AgResearch makes changes to Invermay plans

AgResearch has made some changes to its plan to slash jobs at Invermay, but the majority of staff will still be moving north to Lincoln.

Invermay staff, along with those affected by planned restructuring at AgResearch's other campuses, learnt their fate today, with the organisation making a final announcement - as signalled in today's Otago Daily Times.

There were some changes made to its plans for the Invermay campus, with three deer researchers no longer relocating to Lincoln and the creation of two new science roles.

These changes mean an increase in staff at its Invermay campus from a projected 26 by 2017 in its original business case, to a projected 38 in its current plan.

It would also be retaining the Invermay farm and its 900-strong deer herd.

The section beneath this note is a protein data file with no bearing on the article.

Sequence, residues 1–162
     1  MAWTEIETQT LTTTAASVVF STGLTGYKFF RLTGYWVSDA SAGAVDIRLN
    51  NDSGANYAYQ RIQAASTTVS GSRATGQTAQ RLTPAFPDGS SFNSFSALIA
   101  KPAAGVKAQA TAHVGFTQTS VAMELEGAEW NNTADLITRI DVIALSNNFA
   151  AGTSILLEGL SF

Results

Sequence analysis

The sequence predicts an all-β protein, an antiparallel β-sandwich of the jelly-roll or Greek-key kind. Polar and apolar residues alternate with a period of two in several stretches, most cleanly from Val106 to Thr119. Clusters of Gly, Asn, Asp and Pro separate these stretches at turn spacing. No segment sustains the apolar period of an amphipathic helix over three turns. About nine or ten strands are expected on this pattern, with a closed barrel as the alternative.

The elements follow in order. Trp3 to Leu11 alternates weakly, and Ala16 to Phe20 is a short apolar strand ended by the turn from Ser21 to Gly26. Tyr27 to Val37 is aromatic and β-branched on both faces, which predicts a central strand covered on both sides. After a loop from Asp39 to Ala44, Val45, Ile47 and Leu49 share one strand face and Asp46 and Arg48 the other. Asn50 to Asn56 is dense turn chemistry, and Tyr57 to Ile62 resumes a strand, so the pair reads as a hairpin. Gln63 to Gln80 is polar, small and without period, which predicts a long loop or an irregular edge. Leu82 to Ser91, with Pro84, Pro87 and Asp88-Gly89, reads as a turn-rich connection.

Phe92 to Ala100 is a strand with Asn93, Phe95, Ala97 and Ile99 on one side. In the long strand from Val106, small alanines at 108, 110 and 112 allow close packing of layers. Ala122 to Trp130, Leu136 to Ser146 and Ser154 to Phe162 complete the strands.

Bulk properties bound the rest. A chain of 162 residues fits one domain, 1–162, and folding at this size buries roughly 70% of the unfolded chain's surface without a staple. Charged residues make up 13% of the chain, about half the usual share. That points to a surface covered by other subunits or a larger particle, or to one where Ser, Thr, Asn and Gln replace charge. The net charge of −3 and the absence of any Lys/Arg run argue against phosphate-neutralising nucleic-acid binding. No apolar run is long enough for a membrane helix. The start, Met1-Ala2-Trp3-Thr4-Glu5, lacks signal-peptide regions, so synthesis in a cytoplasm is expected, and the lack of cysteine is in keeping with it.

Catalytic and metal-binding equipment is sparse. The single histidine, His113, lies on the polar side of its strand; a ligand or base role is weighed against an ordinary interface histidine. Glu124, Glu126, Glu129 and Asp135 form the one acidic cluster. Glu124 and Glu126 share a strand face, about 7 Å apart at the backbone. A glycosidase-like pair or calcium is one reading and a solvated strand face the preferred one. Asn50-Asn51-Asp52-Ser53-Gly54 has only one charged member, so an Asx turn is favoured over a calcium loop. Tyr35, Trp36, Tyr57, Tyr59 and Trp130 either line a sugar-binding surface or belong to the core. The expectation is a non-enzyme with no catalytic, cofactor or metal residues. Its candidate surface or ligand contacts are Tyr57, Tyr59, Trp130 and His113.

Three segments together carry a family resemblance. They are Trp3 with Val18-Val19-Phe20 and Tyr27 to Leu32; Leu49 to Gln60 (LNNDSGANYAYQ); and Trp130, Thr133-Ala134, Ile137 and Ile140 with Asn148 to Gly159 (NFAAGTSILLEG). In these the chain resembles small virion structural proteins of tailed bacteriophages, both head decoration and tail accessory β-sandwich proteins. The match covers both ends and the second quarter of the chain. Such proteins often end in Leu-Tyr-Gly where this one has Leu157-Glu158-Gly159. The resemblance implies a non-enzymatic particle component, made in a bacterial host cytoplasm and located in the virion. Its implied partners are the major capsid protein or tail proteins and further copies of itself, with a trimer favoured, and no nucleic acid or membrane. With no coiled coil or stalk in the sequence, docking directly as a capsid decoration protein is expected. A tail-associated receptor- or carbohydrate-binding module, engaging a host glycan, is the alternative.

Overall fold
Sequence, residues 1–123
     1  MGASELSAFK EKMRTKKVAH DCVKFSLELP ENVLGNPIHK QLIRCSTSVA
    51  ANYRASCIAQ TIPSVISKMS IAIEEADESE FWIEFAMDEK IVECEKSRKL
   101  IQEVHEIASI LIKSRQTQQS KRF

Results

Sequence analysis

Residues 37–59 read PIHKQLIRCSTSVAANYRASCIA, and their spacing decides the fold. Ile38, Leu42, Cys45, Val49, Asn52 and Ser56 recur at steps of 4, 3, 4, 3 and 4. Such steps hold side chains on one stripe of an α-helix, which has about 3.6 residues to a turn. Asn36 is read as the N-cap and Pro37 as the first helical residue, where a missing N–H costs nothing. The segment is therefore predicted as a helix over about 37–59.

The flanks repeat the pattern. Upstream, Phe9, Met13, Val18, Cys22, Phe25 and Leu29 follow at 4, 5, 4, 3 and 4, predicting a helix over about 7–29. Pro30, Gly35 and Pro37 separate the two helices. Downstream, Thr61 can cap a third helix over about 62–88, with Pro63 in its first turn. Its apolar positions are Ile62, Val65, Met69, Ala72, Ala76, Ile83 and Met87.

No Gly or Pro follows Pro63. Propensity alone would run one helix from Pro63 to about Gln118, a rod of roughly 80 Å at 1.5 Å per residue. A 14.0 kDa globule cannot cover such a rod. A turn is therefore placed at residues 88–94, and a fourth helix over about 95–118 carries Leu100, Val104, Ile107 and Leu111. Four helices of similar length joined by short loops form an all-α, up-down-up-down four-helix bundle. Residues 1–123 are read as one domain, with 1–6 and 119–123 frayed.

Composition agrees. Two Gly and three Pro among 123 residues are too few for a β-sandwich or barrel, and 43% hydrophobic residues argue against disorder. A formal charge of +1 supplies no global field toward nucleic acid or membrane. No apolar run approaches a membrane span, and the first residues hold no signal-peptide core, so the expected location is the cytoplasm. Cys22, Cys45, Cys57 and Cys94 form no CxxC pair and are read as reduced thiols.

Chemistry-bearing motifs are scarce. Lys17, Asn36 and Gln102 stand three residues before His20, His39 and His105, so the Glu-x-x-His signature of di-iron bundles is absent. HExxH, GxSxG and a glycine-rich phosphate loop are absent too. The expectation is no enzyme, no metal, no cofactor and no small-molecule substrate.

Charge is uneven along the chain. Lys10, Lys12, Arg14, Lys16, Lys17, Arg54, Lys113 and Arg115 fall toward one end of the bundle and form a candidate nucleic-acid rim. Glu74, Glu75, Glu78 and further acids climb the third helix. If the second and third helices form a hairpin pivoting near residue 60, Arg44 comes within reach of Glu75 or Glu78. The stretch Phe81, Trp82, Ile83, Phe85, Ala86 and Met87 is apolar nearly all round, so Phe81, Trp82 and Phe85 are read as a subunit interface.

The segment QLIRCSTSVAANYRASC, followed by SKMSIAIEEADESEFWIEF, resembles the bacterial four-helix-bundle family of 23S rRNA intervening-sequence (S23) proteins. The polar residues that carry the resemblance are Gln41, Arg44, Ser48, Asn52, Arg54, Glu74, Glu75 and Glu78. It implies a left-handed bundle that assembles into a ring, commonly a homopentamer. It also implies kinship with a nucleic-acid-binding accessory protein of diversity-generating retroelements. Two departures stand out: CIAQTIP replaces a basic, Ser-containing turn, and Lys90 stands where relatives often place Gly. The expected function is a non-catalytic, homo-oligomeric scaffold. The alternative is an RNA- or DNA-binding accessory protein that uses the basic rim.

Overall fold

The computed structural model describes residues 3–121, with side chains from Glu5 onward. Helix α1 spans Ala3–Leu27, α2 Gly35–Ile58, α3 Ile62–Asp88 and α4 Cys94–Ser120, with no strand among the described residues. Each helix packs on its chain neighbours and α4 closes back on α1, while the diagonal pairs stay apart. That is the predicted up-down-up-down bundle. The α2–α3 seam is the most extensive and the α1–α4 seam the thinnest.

However, the majority of staff, including its genomics capability, would still be shifting to Lincoln.

As part of the announcement, University of Otago also confirmed they would be co-locating between five and 10 genomics staff and sequencing equipment with AgResearch at the Invermay campus.

AgResearch chief executive Dr Tom Richardson said it welcomed the opportunity to work alongside staff from the university

''We look forward to working further with them, and other organisations, to explore opportunities to co-locate more staff at Invermay, which will undoubtedly add to the long term vibrancy of the campus,'' Dr Richardson said.

Both organisations were also ''exploring further opportunities to share infrastructure on a temporary or permanent basis'', the media release said.

AgResearch would also be establishing an animal productivity relationship management role at Invermay, with the responsibility to maintain relationships with Otago and Southland animal science collaborators and farmers.

Dr Richardson said retaining the Invermay farm would help secure its future as a world-class science facility.

''It was always intended that the Invermay campus be retained as a hub for regional farm systems and environmental research.

''The changes we have made to the plan will enhance that role,'' he said.

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